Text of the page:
Excessive Hair Growth for Women

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While many women wish for thick hair on their head, few appreciate excessive body or facial hair. Normal hair growth for women varies, depending on cultural factors and race. Hirsutism is the term that refers to excessive hair growth in women. Although a common condition, hirsutism may signal an underlying disorder that requires medical attention.


Symptoms

The main symptom of hirsutism is the appearance of excessive hair on various areas of a woman’s body, including the back, chest, abdomen, chin and lips. The pattern and texture of the hair often resembles the typical hair growth in most men. Women with hirsutism may also exhibit other symptoms, such as an increase in muscle mass, a decrease in breast size, acne and irregular menstrual periods.

Causes

High levels of male hormones, known as androgens, can cause excessive hair growth in women. This can be due to certain medications, tumors of the adrenal gland or ovaries, polycystic ovary syndrome or Cushing’s syndrome. Hirsutism may also run in families.

Diagnosis

The first step in determining the cause of excessive hair growth is to schedule an appointment with your doctor, especially if you also notice a sudden increase in body or facial hair, or if your menstrual periods become irregular. Your doctor may want to conduct hormone tests to determine the cause of your excessive hair growth.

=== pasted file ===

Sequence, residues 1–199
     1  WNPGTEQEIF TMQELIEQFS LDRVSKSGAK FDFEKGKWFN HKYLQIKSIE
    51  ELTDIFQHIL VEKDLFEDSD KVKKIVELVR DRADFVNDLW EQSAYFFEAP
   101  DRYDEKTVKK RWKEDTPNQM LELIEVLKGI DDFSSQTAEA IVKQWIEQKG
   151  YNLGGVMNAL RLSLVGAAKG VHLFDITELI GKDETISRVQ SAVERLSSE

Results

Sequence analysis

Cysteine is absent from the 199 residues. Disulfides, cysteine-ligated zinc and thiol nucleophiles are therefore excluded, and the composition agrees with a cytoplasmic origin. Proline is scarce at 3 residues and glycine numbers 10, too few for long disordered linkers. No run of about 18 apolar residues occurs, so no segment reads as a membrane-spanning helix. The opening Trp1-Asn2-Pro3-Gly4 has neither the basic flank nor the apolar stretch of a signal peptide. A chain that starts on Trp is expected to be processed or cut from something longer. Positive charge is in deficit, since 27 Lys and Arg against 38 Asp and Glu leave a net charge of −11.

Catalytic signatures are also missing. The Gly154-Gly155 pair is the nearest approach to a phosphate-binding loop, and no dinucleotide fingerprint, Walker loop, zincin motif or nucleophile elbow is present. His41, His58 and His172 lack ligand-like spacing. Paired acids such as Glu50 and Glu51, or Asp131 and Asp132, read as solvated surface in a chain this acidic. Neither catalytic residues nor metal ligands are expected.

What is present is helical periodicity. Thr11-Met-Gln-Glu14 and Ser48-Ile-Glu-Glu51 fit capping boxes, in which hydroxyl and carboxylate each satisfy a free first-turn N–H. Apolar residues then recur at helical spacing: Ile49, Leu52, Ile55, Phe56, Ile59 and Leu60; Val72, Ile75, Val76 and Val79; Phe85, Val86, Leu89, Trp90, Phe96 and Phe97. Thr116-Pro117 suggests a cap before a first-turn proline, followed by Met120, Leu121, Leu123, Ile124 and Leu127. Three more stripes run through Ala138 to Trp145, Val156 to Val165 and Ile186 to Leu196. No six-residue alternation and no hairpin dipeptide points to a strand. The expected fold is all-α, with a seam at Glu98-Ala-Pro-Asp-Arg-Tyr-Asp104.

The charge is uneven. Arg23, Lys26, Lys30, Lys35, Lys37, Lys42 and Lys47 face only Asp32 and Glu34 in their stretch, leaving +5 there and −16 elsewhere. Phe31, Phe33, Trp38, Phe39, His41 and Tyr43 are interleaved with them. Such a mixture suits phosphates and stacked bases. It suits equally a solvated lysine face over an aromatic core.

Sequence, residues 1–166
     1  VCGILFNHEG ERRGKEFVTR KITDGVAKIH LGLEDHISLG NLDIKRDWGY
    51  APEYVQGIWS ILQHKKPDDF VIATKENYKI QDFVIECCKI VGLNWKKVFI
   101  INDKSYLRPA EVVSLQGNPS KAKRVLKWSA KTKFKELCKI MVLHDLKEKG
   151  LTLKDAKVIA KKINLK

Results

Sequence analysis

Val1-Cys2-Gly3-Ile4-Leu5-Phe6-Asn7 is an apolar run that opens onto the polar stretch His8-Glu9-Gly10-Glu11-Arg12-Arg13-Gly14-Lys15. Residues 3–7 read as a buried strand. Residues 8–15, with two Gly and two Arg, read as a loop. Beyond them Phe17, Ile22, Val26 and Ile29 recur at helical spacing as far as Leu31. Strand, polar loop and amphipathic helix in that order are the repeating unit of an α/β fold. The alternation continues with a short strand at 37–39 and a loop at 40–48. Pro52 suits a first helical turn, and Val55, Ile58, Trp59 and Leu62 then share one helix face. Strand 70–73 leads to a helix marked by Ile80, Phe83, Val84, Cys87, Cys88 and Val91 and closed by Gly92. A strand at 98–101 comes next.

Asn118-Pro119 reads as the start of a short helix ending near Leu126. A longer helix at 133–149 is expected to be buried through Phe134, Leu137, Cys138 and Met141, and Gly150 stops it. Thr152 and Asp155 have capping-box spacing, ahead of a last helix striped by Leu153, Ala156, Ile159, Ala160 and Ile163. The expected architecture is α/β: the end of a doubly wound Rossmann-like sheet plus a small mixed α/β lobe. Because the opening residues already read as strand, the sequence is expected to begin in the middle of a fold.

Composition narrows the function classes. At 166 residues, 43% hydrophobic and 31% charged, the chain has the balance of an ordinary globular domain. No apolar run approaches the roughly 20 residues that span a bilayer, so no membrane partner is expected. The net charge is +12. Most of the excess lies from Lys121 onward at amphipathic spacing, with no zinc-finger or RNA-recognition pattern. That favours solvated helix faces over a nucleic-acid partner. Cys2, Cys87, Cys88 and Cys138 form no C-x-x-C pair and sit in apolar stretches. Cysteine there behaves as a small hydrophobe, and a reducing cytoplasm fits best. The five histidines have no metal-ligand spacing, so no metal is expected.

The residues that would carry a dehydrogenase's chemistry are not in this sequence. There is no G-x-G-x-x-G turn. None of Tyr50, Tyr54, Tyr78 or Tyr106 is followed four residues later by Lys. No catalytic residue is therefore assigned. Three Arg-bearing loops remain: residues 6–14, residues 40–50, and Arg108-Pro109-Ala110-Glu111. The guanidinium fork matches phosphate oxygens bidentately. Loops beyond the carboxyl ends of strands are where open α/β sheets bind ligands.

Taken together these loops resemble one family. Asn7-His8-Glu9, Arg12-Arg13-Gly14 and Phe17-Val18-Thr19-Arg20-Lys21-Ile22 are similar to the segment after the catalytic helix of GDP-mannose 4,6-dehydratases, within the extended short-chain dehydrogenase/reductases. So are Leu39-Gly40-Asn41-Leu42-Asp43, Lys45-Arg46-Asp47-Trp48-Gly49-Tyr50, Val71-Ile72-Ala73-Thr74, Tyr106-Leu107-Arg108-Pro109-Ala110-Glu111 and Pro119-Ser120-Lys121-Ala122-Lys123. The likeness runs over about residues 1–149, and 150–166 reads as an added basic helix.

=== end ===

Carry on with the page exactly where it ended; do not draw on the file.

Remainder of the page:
Home Remedies

Depending on the extent of your hirsutism, you may want to add some simple practices to your regular beauty routine. Shaving can remove excess hair easily and safely, but may leave razor stubble. Depilatories help dissolve the hair, leaving no stubble, but the chemicals in depilatories may irritate your skin. Plucking and waxing can also remove the hair temporarily.

Medical Treatment

If you only have small areas of excessive hair growth, your dermatologist or cosmetic clinic may permanently remove the hair with electrolysis or laser hair removal. These procedures damage the area of hair follicles that produce hair strands, eliminating new growth. Medical treatments may involve prescription anti-androgens that help to block the male hormones that may produce excessive hair growth in women. Anti-androgens often take between three and six months to work. Another medicine your doctor may prescribe works by slowing down the growth of facial hair. Eflornithine is a prescription cream that you apply to your facial skin. This medicine normally begins to work within four to eight weeks after beginning treatment.

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